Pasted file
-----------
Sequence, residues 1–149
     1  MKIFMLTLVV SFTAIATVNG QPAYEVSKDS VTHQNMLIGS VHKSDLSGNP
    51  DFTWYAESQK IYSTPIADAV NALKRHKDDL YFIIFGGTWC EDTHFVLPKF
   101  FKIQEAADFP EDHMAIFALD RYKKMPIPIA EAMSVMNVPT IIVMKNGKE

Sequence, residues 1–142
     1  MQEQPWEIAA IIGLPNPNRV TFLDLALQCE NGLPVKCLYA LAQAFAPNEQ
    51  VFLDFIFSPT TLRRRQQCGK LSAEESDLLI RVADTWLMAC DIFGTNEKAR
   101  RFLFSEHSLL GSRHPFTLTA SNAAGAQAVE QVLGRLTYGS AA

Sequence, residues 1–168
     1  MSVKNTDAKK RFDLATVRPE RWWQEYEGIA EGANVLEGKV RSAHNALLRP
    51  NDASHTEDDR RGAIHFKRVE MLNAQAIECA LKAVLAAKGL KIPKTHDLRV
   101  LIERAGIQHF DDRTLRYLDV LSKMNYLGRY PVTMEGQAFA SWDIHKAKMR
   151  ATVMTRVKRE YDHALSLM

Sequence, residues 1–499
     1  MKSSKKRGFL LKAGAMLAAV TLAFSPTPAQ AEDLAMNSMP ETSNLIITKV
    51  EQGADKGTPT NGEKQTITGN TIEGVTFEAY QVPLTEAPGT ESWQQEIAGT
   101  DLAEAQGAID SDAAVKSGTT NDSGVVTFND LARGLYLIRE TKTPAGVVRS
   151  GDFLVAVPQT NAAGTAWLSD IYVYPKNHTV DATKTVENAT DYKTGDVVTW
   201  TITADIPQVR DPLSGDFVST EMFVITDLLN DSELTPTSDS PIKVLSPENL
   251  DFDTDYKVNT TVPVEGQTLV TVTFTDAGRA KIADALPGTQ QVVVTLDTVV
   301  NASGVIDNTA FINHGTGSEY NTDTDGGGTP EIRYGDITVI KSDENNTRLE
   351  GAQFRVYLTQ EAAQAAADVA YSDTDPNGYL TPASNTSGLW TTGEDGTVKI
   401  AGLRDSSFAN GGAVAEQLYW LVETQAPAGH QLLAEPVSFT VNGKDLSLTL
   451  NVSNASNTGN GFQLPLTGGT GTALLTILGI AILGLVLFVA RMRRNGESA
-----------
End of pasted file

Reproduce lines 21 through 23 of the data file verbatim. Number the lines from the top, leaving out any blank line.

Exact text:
   301  NASGVIDNTA FINHGTGSEY NTDTDGGGTP EIRYGDITVI KSDENNTRLE
   351  GAQFRVYLTQ EAAQAAADVA YSDTDPNGYL TPASNTSGLW TTGEDGTVKI
   401  AGLRDSSFAN GGAVAEQLYW LVETQAPAGH QLLAEPVSFT VNGKDLSLTL